Athletics' Smyth Dominates With Unorthodox Delivery

OAKLAND—Back in high school, folks chuckled at the way righthander Paul Smyth threw a baseball.

He comes from an angle a little lower than sidearm, like a third baseman firing after bare-handing a bunt. "I've always had that delivery," Smyth said. "I used to think it was a bad thing."

No one is laughing at the 23-year-old anymore, though more than a few hitters curse his name.

Smyth saved 28 games for high Class A Stockton this season, while notching 10.9 strikeouts per nine innings to pace California League relievers.

"He continues to pound the strike zone," farm director Keith Lieppman said. "He has a really nice sinker. The ball moves a lot. I'm eager to see him pitch in Double-A, (because) I think we'll be seeing the real test."

Smyth stunned the Athletics last year. After signing as a 35th-rounder out of Kansas, he posted 36 scoreless innings for short-season Vancouver and low Class A Kane County. "He didn't give up an earned run until the second game of instructional league," Lieppman said.

Smyth said he spent most of this season developing a slider to go with his high-80s sinker and changeup.

"It's something I didn't have in college," he said. "This year, being in the closer role, it becomes necessary to strike out people, and the slider's become a strikeout pitch. I'm starting to get a lot better depth with it."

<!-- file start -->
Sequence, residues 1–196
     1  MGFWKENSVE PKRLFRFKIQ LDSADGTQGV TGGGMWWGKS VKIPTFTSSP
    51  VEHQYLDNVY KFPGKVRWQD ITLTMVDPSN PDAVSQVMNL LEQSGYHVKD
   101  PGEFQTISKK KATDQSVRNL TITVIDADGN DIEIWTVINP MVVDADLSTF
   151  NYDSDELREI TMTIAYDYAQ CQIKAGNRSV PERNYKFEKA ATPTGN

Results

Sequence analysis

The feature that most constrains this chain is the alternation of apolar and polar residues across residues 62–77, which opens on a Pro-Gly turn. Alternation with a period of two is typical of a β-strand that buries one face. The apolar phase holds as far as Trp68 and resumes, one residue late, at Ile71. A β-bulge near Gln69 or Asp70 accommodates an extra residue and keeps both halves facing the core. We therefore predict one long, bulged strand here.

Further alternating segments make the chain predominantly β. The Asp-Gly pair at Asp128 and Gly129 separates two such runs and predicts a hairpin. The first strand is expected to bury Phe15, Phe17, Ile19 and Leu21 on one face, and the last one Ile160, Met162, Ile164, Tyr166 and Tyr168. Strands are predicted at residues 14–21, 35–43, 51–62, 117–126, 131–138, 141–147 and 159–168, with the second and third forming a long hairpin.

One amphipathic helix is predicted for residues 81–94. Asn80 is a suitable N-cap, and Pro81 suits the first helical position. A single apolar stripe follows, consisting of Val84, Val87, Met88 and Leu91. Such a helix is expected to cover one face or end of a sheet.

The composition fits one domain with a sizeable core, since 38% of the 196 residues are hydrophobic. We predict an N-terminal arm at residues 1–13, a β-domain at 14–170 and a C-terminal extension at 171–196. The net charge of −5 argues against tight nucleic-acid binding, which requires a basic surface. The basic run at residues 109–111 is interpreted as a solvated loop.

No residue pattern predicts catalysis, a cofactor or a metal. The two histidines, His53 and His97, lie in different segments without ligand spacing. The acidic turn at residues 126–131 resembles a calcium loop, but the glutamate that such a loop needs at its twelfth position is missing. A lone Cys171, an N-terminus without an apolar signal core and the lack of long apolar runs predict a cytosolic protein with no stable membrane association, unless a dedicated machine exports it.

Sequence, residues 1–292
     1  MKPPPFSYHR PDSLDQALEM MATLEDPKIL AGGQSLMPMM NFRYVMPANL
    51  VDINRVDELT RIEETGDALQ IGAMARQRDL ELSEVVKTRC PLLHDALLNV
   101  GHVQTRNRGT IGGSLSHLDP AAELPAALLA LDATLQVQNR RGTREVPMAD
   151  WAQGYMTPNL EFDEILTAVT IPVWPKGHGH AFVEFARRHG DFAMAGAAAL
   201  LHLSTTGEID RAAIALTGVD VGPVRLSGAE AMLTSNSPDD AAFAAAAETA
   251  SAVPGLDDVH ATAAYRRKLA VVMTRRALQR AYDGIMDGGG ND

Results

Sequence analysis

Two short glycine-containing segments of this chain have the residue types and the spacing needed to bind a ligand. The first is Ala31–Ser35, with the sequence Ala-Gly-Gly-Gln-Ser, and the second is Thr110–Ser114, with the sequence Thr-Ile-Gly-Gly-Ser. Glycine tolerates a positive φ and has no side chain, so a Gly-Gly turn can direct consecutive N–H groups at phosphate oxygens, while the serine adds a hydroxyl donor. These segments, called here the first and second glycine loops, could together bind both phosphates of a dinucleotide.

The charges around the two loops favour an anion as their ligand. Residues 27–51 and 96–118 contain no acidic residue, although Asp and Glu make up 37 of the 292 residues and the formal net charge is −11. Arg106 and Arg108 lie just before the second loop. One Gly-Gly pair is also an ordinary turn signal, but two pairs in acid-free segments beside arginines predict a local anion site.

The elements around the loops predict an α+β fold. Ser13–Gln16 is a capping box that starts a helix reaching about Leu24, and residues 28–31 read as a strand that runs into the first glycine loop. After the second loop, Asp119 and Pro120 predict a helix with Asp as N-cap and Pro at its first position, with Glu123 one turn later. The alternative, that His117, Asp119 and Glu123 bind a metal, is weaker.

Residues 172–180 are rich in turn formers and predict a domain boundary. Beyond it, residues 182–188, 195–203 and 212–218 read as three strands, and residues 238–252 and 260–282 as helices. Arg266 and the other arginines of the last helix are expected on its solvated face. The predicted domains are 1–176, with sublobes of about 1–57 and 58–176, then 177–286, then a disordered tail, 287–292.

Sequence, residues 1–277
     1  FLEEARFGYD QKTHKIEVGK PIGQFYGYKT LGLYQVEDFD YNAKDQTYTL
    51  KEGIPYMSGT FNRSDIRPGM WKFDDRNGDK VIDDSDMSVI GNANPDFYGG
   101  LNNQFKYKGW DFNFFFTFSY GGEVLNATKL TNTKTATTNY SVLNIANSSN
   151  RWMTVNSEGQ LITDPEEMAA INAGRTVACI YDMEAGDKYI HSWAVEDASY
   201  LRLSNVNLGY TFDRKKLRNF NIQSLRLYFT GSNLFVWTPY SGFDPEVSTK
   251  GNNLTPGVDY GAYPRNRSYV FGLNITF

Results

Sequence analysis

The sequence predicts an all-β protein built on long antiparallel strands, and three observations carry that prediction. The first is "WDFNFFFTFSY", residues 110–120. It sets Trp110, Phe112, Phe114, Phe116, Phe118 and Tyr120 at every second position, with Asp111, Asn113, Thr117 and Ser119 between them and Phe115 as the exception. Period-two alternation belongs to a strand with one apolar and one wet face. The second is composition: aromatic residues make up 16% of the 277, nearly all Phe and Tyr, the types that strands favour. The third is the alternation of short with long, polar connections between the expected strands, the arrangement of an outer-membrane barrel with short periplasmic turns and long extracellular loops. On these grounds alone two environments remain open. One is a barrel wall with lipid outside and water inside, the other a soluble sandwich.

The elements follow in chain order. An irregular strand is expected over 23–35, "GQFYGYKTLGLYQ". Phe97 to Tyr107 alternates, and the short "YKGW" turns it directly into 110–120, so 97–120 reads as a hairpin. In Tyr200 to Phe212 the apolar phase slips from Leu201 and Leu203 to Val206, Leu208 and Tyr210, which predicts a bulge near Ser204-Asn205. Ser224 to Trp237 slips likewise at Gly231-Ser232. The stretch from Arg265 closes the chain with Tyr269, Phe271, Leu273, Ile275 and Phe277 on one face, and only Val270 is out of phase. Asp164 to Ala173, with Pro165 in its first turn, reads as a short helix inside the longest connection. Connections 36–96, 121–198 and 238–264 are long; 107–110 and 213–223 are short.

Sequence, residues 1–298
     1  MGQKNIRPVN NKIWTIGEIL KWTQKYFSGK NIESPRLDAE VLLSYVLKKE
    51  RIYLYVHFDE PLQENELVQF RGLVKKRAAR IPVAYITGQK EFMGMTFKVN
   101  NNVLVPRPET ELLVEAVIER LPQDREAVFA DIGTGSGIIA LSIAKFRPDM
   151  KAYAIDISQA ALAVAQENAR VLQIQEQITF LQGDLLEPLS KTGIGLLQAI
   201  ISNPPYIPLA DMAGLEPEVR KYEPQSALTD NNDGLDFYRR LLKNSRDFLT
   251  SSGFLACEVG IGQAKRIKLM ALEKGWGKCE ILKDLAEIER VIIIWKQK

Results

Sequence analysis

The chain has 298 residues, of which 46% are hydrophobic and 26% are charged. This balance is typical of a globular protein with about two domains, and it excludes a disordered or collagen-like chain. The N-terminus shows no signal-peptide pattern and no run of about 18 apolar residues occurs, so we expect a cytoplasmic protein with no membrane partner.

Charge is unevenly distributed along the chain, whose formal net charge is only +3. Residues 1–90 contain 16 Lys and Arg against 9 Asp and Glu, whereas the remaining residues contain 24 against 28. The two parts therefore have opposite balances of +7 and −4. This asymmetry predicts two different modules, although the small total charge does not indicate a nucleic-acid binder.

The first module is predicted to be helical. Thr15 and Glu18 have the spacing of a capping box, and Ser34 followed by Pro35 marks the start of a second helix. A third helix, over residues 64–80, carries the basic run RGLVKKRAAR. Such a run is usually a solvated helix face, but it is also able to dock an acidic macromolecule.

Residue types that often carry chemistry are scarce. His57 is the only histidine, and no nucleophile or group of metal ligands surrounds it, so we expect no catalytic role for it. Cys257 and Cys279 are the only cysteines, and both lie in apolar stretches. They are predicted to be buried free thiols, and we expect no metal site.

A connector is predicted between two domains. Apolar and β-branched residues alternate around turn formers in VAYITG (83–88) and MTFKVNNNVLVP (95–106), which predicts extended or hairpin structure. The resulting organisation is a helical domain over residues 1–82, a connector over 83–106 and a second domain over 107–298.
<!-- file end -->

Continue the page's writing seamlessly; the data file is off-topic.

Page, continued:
Smyth played mostly catcher and third base at Atascadero (Calif.) High until he joined the Firestone Rangers, a under-18 travel team based in San Luis Obispo. Kansas coach Ritch Price's two sons, Ryan and Ritchie, both played for the Rangers, and that's where the coach first recruited Smyth to attend KU—as a pitcher.

Smyth became the Jayhawks' closer as a sophomore and pitched well as a junior. He spoke to several teams about the draft, telling them he preferred to stay in school to finish his business marketing degree, which he did.

But a freak offseason shoulder injury derailed his senior season (5.40 ERA) and dropped him to the 35th round of the draft. Smyth sprained his right shoulder after he slipped and fell while running in the indoor facility. But everything has worked out in the end.

A leader in the clubhouse, Smyth is fluent in Spanish and acts as translator for his Latin teammates, which combined with his fine pitching has made him a draft bargain for the A's.


• Double-A Midland second baseman Jemile Weeks missed the Texas League playoffs with further hip and hamstring problems. He appeared in 67 games for the RockHounds and  batted .267/.335/.403.

• Stockton outfielder Jeremy Barfield had surgery to repair a torn meniscus in his left knee, an injury that probably will force him to miss instructional league. He batted .272/.340/.417 with 17 homers in 508 at-bats.